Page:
Innovation doesn’t always mean creating new things. Using existing things in new ways is also innovation. Innovation does not have to be big-bang, it can also be soft and silent steps which make an impact. Innovative application of current, boring and existing technologies could itself make the most trivial jobs better! A small example follows.
I noticed a service-person last week working on the water filter in our office. He was speaking on the phone and explaining something animatedly to the person at other end of the connection. The water filter was open showing its innards and he was fiddling with wires of many colors. Some eavesdropping revealed that he was explaining something about the wires – presumably to a person with more expertise – their layout, condition, color and so on. There was some heat and argument as our man was getting impatient with the expert – because the expert couldn’t get the exact status as he was explaining it.
He was on a mobile, they spent 15 minutes trying to get each other to understand the physical status as it was and should be – using mobile phones. Tele-repair? Yes. Could this be improved? You bet – a picture is worth a thousand words 😉
The visual aspect was the biggest missing piece. Without getting into 3G and live-video-enabled phones, a still-photo mechanism using the ancient MMS would also do the job while being economically viable. The guy at the other end just needed to see the damn pieces once!
Ideally, I would visualize a flex-cord (one of those twisty things that retain shape after you twist them) connected camera mounted on the mobile phone, which you can twist and point at areas of interest. With a speakerphone and the camera streaming visuals of the situation, field service personnel can “show and tell”, and effectively carry out instructions relayed by the expert at the other end.
This wouldn’t be big to do nor would it cost much. However, what is also important is the linkage among these. You may have the tools individually but not the mind unless someone has told you. You may have a mobile, a camera in it, MMS capability in it or GPRS/3G email capability in it, even dedicated software and flex-cord dedicated camera hardware – but can every service mechanic put these pieces together?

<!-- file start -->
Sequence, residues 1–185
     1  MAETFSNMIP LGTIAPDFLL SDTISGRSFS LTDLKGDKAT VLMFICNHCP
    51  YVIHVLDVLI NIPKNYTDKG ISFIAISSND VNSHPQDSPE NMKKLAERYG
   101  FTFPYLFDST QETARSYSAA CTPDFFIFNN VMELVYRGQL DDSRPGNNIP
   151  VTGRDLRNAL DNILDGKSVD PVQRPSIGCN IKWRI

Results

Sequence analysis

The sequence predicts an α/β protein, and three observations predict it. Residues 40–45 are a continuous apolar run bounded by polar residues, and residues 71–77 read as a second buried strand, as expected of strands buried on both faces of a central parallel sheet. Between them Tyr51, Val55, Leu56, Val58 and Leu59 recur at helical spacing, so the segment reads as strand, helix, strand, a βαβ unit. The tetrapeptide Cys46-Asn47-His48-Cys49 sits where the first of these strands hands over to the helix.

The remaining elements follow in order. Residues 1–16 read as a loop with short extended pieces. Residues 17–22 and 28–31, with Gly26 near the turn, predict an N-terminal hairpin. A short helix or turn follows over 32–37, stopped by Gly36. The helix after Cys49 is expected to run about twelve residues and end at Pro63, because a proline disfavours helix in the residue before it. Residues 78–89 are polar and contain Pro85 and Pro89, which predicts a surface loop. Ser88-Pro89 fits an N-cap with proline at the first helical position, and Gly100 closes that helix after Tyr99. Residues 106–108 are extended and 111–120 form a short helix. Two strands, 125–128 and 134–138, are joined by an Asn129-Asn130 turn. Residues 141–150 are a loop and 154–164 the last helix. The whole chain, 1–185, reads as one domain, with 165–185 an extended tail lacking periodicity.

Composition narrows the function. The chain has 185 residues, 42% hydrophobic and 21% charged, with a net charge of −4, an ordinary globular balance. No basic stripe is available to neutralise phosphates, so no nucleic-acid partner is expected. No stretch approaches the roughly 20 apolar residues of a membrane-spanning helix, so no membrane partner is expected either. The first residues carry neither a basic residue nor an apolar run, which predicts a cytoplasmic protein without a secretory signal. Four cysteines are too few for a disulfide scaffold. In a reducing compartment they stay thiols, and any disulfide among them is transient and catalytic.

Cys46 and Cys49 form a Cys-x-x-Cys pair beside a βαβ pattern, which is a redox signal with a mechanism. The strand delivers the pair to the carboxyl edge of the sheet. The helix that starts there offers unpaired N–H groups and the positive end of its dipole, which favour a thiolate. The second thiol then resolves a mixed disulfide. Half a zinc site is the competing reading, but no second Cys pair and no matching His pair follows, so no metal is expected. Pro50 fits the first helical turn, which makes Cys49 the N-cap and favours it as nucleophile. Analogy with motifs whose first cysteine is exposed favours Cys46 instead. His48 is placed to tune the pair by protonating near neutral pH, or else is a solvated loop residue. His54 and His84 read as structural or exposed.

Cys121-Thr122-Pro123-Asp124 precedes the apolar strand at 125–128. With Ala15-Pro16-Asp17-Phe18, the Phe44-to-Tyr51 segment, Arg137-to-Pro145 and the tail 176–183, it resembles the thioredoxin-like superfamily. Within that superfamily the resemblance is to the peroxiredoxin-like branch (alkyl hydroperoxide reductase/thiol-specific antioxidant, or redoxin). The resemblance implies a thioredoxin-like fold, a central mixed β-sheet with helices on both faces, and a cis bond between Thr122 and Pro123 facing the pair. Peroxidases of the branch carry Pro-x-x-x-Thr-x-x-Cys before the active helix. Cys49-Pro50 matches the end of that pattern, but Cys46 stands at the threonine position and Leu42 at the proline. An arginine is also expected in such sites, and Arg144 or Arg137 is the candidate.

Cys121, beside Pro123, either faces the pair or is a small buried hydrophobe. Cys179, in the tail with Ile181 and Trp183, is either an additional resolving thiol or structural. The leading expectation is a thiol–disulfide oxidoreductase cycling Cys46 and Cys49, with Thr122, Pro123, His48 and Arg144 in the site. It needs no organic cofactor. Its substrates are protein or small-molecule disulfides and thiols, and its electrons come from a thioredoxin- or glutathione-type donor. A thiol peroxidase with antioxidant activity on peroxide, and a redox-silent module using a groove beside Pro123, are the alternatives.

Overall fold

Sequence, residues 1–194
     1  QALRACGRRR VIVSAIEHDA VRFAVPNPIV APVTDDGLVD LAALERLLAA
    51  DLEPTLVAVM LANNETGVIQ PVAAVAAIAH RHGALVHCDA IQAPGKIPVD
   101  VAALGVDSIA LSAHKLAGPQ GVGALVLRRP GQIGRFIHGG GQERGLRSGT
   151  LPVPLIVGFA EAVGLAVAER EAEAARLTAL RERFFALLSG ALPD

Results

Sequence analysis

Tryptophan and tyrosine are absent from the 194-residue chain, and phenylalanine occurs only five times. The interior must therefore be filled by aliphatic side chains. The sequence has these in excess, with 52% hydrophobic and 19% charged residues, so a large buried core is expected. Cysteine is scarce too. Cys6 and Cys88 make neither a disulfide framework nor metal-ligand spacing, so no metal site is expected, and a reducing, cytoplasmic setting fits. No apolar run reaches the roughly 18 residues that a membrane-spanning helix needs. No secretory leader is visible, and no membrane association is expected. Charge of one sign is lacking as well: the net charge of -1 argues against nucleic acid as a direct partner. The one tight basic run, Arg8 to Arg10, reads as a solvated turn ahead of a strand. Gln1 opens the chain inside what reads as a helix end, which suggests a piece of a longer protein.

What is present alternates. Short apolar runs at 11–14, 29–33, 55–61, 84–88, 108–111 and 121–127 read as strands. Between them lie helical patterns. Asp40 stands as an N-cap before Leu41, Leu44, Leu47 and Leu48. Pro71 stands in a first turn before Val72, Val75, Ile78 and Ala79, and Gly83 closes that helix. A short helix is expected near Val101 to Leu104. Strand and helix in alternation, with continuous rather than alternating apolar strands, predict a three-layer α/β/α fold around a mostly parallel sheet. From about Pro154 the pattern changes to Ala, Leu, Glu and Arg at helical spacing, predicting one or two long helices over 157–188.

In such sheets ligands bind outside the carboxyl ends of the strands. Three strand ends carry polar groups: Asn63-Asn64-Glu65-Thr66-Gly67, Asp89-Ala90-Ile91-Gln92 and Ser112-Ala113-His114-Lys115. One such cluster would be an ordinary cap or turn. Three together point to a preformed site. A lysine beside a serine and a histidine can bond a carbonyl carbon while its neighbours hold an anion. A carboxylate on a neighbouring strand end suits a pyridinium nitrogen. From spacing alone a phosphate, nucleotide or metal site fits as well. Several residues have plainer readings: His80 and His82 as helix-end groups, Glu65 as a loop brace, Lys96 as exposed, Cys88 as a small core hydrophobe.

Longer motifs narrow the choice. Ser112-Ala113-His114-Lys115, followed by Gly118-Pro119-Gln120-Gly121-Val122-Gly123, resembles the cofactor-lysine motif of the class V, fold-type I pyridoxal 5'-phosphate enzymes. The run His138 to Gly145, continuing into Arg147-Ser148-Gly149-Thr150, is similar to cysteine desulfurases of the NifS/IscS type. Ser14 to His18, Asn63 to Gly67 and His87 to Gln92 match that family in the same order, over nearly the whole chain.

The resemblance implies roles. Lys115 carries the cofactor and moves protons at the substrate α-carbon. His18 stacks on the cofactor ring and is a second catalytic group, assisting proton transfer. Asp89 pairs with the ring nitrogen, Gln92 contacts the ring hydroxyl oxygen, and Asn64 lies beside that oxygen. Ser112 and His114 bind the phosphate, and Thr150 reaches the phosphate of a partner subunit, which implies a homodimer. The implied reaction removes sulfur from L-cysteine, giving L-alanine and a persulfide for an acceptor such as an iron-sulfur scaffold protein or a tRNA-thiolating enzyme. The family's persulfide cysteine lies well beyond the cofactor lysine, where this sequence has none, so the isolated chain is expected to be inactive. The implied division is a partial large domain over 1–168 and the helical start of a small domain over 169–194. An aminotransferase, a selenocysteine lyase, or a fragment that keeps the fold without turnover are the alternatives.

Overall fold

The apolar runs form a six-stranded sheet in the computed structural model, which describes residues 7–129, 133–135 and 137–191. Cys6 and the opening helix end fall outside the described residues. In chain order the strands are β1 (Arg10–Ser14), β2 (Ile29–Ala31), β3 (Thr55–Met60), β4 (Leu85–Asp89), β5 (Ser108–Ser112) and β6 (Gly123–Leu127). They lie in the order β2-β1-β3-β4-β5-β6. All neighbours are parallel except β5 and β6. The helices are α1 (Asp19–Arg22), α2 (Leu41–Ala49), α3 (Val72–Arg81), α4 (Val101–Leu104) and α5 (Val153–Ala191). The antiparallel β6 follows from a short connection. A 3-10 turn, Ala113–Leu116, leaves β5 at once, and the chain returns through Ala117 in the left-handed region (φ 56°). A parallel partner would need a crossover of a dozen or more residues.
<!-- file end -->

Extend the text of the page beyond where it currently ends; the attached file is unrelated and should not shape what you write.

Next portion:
So what we are looking at for field service using mobile phones as enablers is a combination of equipment (hardware/software) and training to achieve the end result. And bang! – you have the ability to distribute deep knowledge and abilities of a limited number of experts over a large number of field service personnel and customer incidents – the ability to scale up your service abilities without corresponding rise in expert manpower. And it is not restricted to something as mundane as economics – having experts help on more repair incidents thereby reducing cost-per-repair. It is simply that you can create only so many experts in so much time.
This ability to distribute expertise over distance and scale up efficiency is the premise of tele-medicine, and can be equally well translated to tele-repair. Tele-repair of high-end and delicate equipment would still justify bringing in the experts, but for equipment like household goods or white goods repair, sundry electronics repair such as on TV sets, on-site repair can be tremendously enhanced using new technology. Happier people, faster and more accurate repair activities, happier customers – it is happiness all around.
Much of above is possible with existing technologies today. Making a customized system might make it more usable and beneficial, but the core pieces already exist!
How much would it cost to set up a mobile phone with dedicated flex-cord camera and a software application that integrates streaming videos into an “environment” that is easy to use? Perhaps the next thing to chew on for our embedded and mobile-computing guys 😉
Author – Chinmoy Panda